Pause and effect
The quiet generosity of the semicolon
THE SEMICOLON MAY have been scorned by chest-thumping writers like Hemingway and Vonnegut, as I wrote last month, but it still has scores of vocal admirers.
There's Mike Burch, for instance, who e-mailed to say that the semicolon is "alive and well, and living in New Zealand," where discriminating writers use it "when neither the feebleness of a comma nor the brick wall of a colon will serve."
Some readers, however, find the semicolon worrisome, and they asked for a recap of the traditional rules of usage. A timely task, with National Punctuation Day coming up Sept. 24, but it's easier said than done: One book offers three rules, another five, and all, in the end, are forced to admit that some semicolons are simply optional, and could be replaced by commas, or perhaps periods, if their authors wished it so.
Since the Columbia Guide to Standard American English is the most concise - it tames the semicolon in a mere two rules - we'll start there. First, it says, the semi "coordinates (separates yet connects evenhandedly) two independent clauses not joined by a coordinating conjunction."
This covers both "I ran to the door; no one was there" (semicolon, no conjunction) and "We were there early; nonetheless, they had already left" (semicolon with a conjunctive adverb; since it isn't a coordinating conjunction, a comma is not enough).
Second, the semicolon clarifies a sentence with other internal punctuation. This could be a simple list - "delegates came from Ada, Ohio; Bellingham, Wash.; and Phoenix, Ariz." Or it could be a longish sentence: "He had a tall, black horse; a wagon, which someone had given him after the battle; and a threadbare, tattered carpetbag."
In an ordinary compound sentence, of course, a comma suffices: "I ran to the door, but no one was there." That doesn't mean, however, that a comma is mandated. A semicolon is allowed; so is a period, making two short sentences.
That's because punctuation serves two sometimes conflicting aspects of prose - in H.W. Fowler's terms, logic and rhetoric. Grammar might require only a comma, but the demands of rhetoric - rhythm, emphasis, formality - may call for something stronger.
Psychology, too, is part of rhetoric, a relationship Lawrence Weinstein explores in his recent book, "Grammar for the Soul: Using Language for Personal Change." Weinstein treats the semicolon in a chapter titled "Generosity"; he sees the mark as "an unrequired gesture of amplification," a sign that a writer is "ungrudging in providing for the needs of others."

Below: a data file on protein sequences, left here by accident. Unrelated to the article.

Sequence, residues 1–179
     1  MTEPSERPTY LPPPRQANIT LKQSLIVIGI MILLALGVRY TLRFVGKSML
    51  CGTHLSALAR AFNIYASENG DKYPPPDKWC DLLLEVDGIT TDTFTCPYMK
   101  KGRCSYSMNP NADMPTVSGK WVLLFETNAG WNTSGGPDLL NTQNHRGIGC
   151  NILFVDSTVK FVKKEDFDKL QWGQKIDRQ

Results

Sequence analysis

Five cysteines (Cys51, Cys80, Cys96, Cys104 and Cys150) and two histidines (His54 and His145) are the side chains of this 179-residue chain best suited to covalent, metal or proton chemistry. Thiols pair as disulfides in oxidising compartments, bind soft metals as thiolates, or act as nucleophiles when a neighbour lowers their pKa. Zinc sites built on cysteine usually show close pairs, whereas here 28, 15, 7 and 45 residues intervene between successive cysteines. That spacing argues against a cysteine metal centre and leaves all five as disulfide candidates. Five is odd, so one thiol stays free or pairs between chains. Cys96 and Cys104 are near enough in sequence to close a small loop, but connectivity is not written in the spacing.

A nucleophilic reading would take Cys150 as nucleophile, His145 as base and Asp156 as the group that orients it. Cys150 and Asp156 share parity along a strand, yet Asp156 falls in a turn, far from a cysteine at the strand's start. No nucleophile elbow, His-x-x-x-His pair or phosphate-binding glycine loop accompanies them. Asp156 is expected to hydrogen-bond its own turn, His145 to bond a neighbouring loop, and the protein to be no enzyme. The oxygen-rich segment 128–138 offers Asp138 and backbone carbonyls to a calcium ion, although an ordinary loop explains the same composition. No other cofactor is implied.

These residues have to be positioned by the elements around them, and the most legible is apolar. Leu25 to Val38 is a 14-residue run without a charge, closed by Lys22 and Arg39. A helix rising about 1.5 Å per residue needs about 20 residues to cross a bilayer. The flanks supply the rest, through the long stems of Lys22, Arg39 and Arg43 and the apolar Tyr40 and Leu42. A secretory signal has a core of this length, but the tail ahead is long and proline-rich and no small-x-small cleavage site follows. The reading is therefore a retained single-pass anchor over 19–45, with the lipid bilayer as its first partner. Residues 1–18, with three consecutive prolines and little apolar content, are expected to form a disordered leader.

He quotes Lewis Thomas's observation: "The period tells you that . . . now you have to move along. But with the semicolon there you get a pleasant little feeling of expectancy; there is more to come; read on; it will get clearer."
A few years ago, I had a real-world encounter with the optional semicolon - and a chance to edit Ralph Waldo Emerson! - when Chris Davis, project coordinator for the rebuilding of the Old North Bridge at Minuteman National Park in Concord, e-mailed to ask about punctuating a quotation to be inscribed on a new granite marker near the bridge.
The quote, from a speech Emerson gave at the centennial observance of the Concord fight in 1875, had been printed with a semicolon in the local paper and in the town's official record of the proceedings: "The thunderbolt falls on an inch of ground; but the light of it fills the horizon." But Davis - not wanting to see an error carved in stone - asked if a comma would be better.
I liked the formality of the semicolon, and the way it echoed biblical lines like the ones from Ecclesiastes (as punctuated in the Authorized Version): "All the rivers run into the sea; yet the sea is not full." Or "Vanity of vanities, saith the preacher; all is vanity."
This sense was reinforced when I read more of Emerson's speech, where other semicolons kept this one company: "The British instantly retreated," his paragraph continued. "We had no electric telegraph; but the news of this triumph of the farmers over the King's troops flew through the country, to New York, to Philadelphia, to Kentucky, to the Carolinas, with speed unknown before, and ripened the colonies to inevitable decision."
Emerson's semicolon isn't required, and later versions of the line often use a comma. The Chautauquan, in fact, revised Emerson's lines even more thoroughly and bombastically in 1897: "The thunderbolt falls on an inch of ground but the light of it fills the horizon. The British instantly retreated!"
But I voted for the semicolon, and that's what the marker has. So my recommendation for a National Punctuation Day outing - for semicolon fans within range - is a visit to the Old North Bridge, to honor both Emerson's semicolon and your freedom to use it where less daring punctuators might make do with a modest comma.